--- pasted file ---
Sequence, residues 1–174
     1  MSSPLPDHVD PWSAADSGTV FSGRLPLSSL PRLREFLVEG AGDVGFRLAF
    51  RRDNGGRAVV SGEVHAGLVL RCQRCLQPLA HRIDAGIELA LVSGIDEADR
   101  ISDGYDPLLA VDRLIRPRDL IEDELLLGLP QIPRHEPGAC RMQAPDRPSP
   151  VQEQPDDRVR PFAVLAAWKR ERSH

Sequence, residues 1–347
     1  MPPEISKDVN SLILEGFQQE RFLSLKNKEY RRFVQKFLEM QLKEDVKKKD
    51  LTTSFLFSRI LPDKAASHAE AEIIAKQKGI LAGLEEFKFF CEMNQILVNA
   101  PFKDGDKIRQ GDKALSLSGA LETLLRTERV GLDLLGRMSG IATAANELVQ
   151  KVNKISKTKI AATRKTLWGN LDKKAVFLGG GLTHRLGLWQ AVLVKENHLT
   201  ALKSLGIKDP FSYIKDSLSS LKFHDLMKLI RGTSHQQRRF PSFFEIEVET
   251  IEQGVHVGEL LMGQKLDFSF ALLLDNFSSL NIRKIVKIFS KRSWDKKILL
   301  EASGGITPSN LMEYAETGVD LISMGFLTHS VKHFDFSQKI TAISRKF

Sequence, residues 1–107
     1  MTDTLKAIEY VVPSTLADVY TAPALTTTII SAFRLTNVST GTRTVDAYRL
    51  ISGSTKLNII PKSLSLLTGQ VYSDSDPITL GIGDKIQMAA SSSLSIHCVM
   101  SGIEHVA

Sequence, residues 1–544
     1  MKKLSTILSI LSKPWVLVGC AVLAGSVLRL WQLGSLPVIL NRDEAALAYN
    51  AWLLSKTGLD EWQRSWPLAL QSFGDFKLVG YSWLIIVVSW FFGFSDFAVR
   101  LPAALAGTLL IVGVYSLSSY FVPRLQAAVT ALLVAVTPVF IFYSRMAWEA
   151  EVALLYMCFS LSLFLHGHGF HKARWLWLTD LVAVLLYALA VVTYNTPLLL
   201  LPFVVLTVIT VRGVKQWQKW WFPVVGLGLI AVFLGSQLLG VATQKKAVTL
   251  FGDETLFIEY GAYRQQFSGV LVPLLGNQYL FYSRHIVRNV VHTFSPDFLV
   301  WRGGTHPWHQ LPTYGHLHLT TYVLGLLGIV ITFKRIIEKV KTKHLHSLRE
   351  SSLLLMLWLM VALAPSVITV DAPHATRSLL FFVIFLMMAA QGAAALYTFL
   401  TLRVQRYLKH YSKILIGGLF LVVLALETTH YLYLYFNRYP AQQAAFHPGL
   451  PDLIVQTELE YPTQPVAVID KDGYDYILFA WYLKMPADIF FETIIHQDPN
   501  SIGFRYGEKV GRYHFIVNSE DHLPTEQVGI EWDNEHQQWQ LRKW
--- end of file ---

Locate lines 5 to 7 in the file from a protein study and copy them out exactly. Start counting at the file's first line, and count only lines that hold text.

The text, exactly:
   151  VQEQPDDRVR PFAVLAAWKR ERSH

Sequence, residues 1–347
     1  MPPEISKDVN SLILEGFQQE RFLSLKNKEY RRFVQKFLEM QLKEDVKKKD